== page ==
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Vw 8v normally aspirated stroke to bore size

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Hi

I am going to build a normally aspirated vw 8v as my first build ever. I have worked on cars before but never built a engine on my own.

I am going to run the car on methanol.

What will be a good compression to run?

Also I'm struggling with the bore to stroke combination.

I can go with a 80mm stroke crank and 84.5mm piston, which will give me just about 1800cc. But will be the only over square option I have. I don't know if I can get a original crank machined to give me something between 82 to 85mm to get the displacement up, as a aftermarket crank is out of my budget . My question here is will the sacrifice of displacement for the smaller stroke to get the better stroke to bore ratio be worth it. I also will be able to run a longer conrod with the smaller stroke. Will the engine be to underpowered am i putting to much time and energy into the stroke to bore ratio as well as the conrod to stroke ratio. I want to use the engine for drag racing.

Regards

Pravs

Hello,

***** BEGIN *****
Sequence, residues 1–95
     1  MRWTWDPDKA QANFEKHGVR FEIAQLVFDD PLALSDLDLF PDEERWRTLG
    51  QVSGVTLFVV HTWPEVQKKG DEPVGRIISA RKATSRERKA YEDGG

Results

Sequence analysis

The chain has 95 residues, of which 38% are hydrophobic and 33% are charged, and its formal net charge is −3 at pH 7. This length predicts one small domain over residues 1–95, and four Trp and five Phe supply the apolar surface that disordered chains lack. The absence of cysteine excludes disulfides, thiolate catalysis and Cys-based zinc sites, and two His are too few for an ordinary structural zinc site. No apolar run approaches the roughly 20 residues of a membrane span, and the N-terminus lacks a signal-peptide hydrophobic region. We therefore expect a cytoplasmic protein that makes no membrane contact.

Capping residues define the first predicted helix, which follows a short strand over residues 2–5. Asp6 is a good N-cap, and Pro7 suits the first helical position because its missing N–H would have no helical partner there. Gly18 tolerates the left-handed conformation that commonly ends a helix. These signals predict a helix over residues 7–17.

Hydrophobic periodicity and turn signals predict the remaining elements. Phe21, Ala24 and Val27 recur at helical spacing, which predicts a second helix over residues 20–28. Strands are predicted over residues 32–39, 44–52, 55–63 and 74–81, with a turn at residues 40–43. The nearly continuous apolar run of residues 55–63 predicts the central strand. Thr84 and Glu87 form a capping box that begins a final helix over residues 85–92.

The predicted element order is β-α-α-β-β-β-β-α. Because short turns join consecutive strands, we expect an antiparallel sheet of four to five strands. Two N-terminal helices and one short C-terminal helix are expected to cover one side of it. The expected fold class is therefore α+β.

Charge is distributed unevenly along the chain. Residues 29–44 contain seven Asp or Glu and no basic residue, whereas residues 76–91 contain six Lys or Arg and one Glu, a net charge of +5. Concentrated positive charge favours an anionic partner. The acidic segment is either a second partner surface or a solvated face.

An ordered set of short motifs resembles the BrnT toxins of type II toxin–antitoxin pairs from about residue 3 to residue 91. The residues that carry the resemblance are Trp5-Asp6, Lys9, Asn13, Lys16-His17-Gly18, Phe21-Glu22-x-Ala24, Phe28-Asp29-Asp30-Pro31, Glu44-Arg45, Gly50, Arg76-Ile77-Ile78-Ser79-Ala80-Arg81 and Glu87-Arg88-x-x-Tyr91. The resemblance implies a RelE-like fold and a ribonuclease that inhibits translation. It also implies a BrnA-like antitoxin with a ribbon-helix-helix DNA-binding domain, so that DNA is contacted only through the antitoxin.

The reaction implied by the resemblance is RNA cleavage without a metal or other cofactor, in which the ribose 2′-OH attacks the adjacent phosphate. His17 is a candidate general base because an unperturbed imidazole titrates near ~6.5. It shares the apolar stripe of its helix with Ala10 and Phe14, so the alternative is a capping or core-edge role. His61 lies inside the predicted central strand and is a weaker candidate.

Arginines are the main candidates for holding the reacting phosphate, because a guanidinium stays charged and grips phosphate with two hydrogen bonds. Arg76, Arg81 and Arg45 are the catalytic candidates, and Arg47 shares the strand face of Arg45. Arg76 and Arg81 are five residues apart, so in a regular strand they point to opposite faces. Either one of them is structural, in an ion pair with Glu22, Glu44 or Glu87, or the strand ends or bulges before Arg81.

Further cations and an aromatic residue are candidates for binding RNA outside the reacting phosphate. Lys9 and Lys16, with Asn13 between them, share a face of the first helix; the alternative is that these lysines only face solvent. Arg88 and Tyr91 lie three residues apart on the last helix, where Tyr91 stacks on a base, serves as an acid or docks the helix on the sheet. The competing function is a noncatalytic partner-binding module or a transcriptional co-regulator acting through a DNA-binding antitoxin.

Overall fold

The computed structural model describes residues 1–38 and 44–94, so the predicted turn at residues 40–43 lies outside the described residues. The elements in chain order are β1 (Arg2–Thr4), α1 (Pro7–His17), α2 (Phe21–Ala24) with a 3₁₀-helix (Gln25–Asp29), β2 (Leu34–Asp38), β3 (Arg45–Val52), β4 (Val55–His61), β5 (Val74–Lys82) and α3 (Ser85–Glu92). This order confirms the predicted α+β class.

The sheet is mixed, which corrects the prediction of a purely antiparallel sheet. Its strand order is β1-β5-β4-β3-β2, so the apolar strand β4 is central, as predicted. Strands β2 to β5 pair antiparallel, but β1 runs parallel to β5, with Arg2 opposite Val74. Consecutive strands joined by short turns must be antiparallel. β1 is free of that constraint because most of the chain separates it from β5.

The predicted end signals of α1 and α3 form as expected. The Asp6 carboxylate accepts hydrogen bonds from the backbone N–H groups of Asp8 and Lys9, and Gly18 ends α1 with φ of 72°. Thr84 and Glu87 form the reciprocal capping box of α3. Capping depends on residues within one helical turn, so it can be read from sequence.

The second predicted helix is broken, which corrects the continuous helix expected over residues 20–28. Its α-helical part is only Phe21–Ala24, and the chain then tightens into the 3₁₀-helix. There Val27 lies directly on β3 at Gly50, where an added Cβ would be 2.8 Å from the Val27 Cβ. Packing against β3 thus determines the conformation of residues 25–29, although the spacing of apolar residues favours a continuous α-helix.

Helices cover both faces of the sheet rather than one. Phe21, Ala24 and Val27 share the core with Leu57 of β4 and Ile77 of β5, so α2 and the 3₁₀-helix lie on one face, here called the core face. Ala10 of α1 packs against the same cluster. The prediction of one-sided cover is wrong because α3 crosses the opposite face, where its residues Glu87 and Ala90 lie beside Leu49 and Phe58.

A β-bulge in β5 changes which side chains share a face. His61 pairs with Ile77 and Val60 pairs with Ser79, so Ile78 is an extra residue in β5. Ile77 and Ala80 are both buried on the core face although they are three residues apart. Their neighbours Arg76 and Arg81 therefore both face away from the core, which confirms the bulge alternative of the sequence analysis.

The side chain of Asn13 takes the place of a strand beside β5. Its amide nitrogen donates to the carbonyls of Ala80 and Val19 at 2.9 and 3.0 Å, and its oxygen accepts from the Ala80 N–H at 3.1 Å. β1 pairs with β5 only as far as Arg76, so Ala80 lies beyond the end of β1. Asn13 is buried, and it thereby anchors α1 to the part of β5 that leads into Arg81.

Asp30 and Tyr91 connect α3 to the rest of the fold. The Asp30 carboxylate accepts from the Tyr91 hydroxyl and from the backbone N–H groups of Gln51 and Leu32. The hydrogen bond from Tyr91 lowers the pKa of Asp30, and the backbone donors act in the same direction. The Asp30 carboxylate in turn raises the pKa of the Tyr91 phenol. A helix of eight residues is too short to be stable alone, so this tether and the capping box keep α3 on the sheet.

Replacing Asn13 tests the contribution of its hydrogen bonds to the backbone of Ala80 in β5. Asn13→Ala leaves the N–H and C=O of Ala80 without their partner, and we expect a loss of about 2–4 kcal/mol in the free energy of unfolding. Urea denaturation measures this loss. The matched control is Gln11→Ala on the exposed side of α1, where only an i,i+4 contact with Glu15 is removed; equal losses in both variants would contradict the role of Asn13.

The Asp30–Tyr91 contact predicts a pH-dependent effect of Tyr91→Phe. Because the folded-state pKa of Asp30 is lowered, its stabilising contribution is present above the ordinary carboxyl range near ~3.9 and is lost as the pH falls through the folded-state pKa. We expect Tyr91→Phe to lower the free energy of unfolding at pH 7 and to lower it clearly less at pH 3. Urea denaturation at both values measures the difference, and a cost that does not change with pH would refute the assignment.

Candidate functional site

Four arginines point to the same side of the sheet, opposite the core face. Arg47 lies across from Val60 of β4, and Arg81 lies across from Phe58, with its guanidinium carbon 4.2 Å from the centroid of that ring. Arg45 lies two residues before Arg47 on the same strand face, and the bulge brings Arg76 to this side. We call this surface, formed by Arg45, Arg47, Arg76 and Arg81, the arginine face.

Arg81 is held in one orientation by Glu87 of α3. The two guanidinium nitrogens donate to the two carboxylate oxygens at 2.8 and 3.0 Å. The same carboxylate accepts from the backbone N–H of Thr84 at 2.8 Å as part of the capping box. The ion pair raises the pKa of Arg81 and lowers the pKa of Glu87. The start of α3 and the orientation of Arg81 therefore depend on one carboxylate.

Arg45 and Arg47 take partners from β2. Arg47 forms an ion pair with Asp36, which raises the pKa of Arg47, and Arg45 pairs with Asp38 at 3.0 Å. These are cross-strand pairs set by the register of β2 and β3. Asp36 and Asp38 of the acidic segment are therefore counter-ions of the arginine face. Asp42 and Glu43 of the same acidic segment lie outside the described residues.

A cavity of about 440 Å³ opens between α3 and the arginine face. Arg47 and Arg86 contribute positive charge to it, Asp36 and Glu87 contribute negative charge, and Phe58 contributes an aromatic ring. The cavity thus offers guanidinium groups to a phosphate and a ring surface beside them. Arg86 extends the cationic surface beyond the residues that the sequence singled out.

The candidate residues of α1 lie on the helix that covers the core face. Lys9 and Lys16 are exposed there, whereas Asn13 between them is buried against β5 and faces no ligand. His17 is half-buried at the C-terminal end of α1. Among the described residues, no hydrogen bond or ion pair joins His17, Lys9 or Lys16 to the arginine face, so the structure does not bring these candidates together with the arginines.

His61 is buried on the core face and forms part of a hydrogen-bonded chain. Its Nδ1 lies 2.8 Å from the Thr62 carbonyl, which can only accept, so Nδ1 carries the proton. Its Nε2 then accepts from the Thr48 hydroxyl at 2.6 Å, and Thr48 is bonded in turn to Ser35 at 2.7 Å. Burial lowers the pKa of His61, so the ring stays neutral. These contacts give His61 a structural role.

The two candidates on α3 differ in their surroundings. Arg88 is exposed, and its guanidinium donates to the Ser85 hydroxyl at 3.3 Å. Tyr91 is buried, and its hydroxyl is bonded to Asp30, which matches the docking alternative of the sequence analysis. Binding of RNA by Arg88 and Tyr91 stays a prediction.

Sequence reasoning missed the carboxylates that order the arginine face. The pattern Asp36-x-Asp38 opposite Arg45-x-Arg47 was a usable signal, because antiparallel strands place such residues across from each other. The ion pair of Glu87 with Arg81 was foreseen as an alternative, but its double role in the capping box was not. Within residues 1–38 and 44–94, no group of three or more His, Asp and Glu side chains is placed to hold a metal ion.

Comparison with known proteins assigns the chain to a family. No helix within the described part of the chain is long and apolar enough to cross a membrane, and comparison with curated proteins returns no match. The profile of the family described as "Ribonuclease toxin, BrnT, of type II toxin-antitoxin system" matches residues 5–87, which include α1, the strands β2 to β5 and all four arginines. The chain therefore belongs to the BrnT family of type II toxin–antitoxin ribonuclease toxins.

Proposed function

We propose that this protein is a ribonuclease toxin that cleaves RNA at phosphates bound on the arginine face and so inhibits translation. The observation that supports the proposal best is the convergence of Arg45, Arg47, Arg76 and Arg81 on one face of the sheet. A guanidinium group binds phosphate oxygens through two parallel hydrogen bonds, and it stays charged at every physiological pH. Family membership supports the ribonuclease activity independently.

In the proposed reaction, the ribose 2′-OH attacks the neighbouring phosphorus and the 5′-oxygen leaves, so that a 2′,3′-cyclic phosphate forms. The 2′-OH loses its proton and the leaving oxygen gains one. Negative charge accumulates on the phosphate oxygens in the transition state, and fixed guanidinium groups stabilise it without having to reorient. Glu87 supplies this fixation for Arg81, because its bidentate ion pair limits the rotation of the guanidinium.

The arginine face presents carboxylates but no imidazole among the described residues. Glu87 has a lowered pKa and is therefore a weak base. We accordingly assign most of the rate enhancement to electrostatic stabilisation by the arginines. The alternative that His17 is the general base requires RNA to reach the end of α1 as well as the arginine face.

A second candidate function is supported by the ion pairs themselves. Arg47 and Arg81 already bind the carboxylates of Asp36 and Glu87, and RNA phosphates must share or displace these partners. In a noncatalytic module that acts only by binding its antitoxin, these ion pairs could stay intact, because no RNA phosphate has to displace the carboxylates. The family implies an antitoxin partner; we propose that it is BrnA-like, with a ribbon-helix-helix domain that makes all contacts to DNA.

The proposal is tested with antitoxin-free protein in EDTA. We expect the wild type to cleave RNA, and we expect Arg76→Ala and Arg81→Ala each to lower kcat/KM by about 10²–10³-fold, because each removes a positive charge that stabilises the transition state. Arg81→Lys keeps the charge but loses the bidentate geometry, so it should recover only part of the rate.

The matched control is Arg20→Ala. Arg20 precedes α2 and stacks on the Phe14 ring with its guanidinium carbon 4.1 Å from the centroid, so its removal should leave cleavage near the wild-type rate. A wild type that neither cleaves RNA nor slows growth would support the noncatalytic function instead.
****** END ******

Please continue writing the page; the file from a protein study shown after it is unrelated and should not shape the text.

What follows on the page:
I guess it comes down to budget and what you can afford, I prefer not to think outside the square too much on this type of thing because of the time it takes to fix things when they go wrong if you stick to a standard bore stroke combination and spend the extra money in cylinder head work the benefits will be far better is it turbo or not will make a large difference to compression ratio required, also the piston dome/dish shape plays a major part.

Regards Ross

Hi Ross

Thanks for the reply.it's a naturally aspirated build.

So for the bottom end these are my options.

Option 1

84.5mm bore and 80mm stroke over square

Conrod to stroke ratio : 1.987 (159mm conrod)

Engine cc: 1794

Option 2

84.5mm bore and 86.4mm stroke under square

Conrod to stroke ratio: 1.840 (159mm conrod)

Engine cc: 1938

Option 3

84.5mm bore and 92.8 stroke under square

Conrod to stroke ratio : 1.713 (159mm conrod)

Engine cc: 2081

I could get a longer conrod if it's worth it.

There is also a 95.5mm crank but for my application I don't think it will work. The current fastest normally aspirated vw 8v in South Africa runs a 11.9sec at the coast.

I want to try and give the record a go.

Also what piston top design will work? Or how do I determine the design?

So which option should I go for and why?

Regards

Pravs